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EHS defends project delays

Jeremy Nuttall

By Jeremy Nuttall, 24 hours Vancouver

EHS runs the B.C. Ambulance Service (FILE PHOTO)

EHS runs the B.C. Ambulance Service (FILE PHOTO)

A British Columbia health service provider says it has good reason for stopping the implementation of a patient record-keeping system after the B.C. wing of the Canadian Taxpayers Federation said it was “ditched” due to glitches.


According to the CTF, a “whistleblower” informed it B.C. Emergency Health Services, in charge of the B.C. Ambulance Service, got rid of the $2.8 million Electronic Patient Record System before it was even used.

“The ePCR system was hyped for years by ambulance service executives and health ministry officials, promising it would improve patient care and privacy, accuracy and operational efficiency,” said a CTF release. “The BCEHS also promised the system would be operational by June 2013.”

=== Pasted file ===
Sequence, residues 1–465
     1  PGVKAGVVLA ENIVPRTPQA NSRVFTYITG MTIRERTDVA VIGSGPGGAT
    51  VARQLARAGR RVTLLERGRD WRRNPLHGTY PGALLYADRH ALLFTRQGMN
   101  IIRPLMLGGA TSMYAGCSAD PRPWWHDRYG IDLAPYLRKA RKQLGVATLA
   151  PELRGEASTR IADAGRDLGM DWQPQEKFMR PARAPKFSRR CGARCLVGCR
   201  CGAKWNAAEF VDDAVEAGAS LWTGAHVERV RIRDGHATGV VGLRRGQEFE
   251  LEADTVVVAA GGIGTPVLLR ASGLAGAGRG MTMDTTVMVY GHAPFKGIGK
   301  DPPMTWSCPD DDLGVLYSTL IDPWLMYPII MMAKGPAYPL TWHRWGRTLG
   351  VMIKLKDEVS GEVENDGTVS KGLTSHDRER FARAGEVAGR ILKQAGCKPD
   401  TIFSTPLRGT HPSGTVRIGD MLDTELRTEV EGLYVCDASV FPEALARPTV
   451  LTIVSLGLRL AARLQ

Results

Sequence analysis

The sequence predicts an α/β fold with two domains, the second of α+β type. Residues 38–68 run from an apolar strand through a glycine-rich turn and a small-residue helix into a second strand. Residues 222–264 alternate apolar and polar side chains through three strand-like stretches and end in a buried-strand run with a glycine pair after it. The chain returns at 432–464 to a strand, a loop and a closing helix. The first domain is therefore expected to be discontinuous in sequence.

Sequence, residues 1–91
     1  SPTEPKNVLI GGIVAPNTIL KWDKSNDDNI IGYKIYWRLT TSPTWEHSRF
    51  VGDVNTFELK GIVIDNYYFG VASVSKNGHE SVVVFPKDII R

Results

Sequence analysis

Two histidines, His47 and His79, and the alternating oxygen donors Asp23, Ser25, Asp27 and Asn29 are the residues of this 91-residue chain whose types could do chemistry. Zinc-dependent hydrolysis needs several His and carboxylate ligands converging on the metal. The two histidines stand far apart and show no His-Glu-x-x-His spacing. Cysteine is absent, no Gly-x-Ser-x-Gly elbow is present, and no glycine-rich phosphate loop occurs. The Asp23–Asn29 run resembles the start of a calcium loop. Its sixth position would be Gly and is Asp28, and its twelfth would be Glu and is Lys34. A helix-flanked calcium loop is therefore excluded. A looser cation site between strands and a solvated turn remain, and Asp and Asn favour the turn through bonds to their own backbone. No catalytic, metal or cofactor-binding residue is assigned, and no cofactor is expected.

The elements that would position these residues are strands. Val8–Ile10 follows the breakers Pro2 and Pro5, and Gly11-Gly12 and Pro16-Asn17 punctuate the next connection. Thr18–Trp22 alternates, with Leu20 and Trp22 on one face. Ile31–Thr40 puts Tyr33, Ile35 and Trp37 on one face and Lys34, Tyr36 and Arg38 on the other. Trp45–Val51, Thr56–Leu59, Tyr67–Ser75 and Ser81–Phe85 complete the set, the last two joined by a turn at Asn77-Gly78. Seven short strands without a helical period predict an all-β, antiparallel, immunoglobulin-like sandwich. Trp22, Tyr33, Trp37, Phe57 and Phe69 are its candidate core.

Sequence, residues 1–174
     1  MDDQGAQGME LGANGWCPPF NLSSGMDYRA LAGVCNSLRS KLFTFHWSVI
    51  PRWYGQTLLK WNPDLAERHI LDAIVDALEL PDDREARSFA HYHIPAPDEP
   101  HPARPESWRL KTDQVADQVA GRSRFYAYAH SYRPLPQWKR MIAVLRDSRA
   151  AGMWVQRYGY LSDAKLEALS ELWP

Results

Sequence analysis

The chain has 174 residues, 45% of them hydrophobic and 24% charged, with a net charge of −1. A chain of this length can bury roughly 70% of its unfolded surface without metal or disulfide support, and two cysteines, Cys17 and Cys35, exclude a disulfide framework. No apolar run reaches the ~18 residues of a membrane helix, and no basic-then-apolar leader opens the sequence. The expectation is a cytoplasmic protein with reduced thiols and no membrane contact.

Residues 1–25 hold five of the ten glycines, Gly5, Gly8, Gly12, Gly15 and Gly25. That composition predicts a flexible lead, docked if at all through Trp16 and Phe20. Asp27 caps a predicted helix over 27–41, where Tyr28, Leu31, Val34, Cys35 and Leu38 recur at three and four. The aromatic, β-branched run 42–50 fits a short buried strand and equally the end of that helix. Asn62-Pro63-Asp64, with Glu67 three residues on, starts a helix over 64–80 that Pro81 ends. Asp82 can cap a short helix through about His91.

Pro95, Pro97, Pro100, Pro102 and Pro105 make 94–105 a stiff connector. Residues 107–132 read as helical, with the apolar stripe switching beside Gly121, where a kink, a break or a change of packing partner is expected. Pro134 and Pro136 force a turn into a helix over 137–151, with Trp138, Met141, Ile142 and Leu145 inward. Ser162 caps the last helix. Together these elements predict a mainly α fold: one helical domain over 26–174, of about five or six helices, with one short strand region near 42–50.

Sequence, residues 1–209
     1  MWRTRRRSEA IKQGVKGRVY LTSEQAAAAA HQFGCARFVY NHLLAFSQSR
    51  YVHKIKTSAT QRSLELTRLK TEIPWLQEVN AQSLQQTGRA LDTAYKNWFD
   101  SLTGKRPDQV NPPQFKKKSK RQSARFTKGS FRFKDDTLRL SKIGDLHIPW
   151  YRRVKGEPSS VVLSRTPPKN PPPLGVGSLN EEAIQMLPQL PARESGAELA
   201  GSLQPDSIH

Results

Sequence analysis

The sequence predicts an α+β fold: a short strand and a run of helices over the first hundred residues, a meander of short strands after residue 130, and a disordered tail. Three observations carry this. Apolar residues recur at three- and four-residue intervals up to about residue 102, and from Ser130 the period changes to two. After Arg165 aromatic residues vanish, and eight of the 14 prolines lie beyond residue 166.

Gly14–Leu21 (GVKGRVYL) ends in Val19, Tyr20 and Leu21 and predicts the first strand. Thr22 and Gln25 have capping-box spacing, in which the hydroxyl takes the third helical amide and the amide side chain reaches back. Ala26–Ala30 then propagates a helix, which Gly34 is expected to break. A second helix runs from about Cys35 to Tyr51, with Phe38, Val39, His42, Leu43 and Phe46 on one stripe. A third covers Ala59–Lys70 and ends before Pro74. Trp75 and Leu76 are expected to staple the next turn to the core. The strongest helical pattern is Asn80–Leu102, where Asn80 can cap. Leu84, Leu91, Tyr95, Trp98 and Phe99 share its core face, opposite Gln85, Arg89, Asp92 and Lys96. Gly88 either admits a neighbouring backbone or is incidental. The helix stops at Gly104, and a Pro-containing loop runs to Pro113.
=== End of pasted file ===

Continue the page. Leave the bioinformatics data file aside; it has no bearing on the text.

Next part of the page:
The federation said it appeared the system was dead.

But EHS said that’s not the whole story because there was an issue with the contractor running the program that’s currently being worked out.

“We’ve evaluated the contractor’s performance and we’ve taken the decision to terminate the contract,” said Karen Whitson of EHS. “We’ll continue to move forward with the project, because it will improve services, and we’ll work on an action plan to figure out a next step.”

In its release, the federation defended Interdev, the company it said was in charge of the program, saying it seems to have a good record.


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